January’s PS+ Titles Sink Teeth in 2021 With RPGs, Lara Croft
At this point, Sony’s PS+ service is competing against widely different rivals in terms of the free games they’re offering each month. Once a battle to see whose games would be better each month, now there’s little opposition between it and Xbox’s lower-profile Games With Gold monthly downloads. However, there’s no arguing with the momentum of that company’s Game Pass dedicated service and the excellent titles they’ve been making available. While PlayStation does have its own version of that kind of service, at this point the “comparisons” mostly boil down to complete packages … and in that regard, PS+ has taken great strides over last year to kick their quality into gear.
Does that continue into this first month of 2021? Absolutely. They’re starting things off right by including one PS5 game for owners of that console (only playable on PS5s) and a pair of excellent titles for the PS4, one being a AAA powerhouse and the other an exciting, well-received time sink of a game. First impressions are important, and Sony’s doing the right things with their PS+ service shortly after the launch of their newest console. Let’s take a gander, but before we do, be sure to Grab a Year Subscription to PlayStation Plus on Amazon.
My enthusiasm for Maneater could be felt within a several mile radius upon both the release of the trailer and while I was playing through the game. There have been shark video games before, but nothing like the freedom afforded to the player in this one, in which they gain control of a baby bull shark dumped into the waters of a pseudo-Floridian bayou shortly after the murder of their parent. It’s amazing to see how the moving parts of an action-RPG guide the gameplay along here, where the wimpy little character must eat up enemies how they can early to level up their body, preparing to enter bigger bodies of water and get revenge.
At that larger body state, Maneater cashes in on its promise as something resembling a shark RPG. There are choices, yes, which hinge on the types of mutations you choose to give (and upgrade) to the bull shark, and you do have some say in how many humans or sea creatures you’d like to consume. That said, like most action-RPGs, it’s typically best and the most fun to do as much as possible to complete tasks and earn rewards: attacking human hot spots for mass consumption, destroying seafaring vessels, defeat shark hunters. Filled with personality and addictively easy controlling of the shark, Maneater’s one of the better games to come out of last year and far and away the best shark game, like, ever, dude.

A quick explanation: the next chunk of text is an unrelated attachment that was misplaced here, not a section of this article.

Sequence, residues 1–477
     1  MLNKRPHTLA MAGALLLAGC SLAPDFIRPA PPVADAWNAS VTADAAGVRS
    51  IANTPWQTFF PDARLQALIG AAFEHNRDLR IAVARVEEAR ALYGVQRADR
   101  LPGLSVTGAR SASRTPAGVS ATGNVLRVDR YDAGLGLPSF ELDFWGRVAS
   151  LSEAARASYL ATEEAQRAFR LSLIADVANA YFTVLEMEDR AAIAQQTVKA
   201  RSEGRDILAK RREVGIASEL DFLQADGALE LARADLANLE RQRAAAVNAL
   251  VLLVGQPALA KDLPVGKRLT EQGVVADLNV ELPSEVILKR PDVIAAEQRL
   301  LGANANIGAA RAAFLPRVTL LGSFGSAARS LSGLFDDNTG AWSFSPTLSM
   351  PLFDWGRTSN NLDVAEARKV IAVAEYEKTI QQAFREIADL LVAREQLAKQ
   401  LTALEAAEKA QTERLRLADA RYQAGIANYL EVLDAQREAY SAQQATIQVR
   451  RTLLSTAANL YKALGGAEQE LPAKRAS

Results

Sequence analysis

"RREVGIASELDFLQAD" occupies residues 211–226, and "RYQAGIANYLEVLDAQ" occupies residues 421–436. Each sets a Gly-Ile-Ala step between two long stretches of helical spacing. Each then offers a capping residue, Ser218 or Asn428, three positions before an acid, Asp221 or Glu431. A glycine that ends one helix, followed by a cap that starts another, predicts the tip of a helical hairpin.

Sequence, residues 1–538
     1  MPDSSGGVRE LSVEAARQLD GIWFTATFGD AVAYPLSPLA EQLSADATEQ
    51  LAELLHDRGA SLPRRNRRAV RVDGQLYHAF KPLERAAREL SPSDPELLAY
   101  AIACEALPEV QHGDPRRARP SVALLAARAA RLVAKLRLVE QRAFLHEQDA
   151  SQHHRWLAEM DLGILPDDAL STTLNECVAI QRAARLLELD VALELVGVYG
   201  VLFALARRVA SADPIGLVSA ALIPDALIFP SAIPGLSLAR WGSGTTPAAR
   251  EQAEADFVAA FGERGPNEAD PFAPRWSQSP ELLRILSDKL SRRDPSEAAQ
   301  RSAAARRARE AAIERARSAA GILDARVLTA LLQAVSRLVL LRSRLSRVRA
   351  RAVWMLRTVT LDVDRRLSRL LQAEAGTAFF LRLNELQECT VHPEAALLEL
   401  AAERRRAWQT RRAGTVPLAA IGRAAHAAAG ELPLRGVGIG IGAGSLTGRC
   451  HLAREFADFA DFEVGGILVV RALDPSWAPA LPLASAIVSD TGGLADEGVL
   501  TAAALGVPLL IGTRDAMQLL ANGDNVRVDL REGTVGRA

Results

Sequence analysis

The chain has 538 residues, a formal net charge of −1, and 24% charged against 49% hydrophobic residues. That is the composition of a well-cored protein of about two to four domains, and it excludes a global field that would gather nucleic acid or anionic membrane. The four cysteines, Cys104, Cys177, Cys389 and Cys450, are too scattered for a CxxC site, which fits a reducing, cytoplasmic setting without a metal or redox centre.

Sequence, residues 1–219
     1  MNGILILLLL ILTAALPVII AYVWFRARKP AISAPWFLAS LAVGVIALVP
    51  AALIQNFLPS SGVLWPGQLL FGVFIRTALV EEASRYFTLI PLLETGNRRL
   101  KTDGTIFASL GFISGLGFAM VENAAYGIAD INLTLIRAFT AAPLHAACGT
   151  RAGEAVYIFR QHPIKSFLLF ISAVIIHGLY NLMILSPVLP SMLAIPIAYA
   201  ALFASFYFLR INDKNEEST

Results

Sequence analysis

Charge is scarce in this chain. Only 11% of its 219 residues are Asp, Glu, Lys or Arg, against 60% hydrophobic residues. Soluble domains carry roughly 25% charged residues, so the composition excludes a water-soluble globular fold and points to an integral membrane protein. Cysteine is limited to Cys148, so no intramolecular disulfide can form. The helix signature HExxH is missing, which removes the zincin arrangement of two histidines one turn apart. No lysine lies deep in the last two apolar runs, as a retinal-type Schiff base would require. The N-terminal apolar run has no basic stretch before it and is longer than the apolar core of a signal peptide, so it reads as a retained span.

Shadow of the Tomb Raider
Despite Lara Croft being one of gaming’s most popular characters, the Tomb Raider franchise began to suffer from escalation. Even after a reboot, it reaches bizarre levels of action by the end of the 2000s, growing more fantastical with each installment. Amid a time when gritty, semi-realistic video games were gaining popularity, 2013’s rebooted version of Tomb Raider came right on time, capitalizing on the popularity of “female survivalist heroes who are also archers”. Semi-open exploration of areas, thrilling but smart cinematics, and grounded use of tech gave Lara Croft the right touch of realism.
Fast-forward to Shadow of the Tomb Raider, the third entry in this latest trilogy, and it’s come close to reaching “that point” again by putting Lara Croft in a race to resolve the conundrum of a mythological box that could trigger the apocalypse. Beyond the storytelling’s outlandishness, however, the game has refined its now-familiar combat and survival mechanisms as Croft navigates jungles and tombs alike, to a point that’s arguably not that different from the second entry in the series. It’s tricky to balance not going overboard in the story with gameplay that’s well-tread but works, and while Shadow of the Tomb Raider doesn’t do it flawlessly, it does get Lara Croft to the end of this trilogy with her head held high.
While it’s a struggle for developers to get an action-RPG title to make it on a mainstream level when they aren’t a AAA studio, there’s always some solace to be found in the fact that those who like RPGs like this are rather voracious and will eventually get around to the title at some point. Spiders attempted to break into this niche several years back with Bound By Flame, but it was met with subpar reviews to its gaming shallowness, bluntly adult characterizations, and lack of role-playing interactivity despite its customizable veneer. It’s as if Spiders listened to each of these criticisms and aimed to correct every point when making GreedFall.
On an island environment that combines the swagger of a pirate tale with mystical powers and dangerous monsters, GreedFall allows the player to customize their character and engage in versatile combat and exploration of an absorbing setting. Both critics and players take no time in mentioning that the game liberally borrows its elements from other AAA titles – a healthy mix of old-school BioWare and peak Ubisoft — but it does so with reverence and quality in mind. Depth, party mechanics, exploration surprises, diplomatic maturity, and choice-and-consequence design prove that Spiders knows what its audience wants.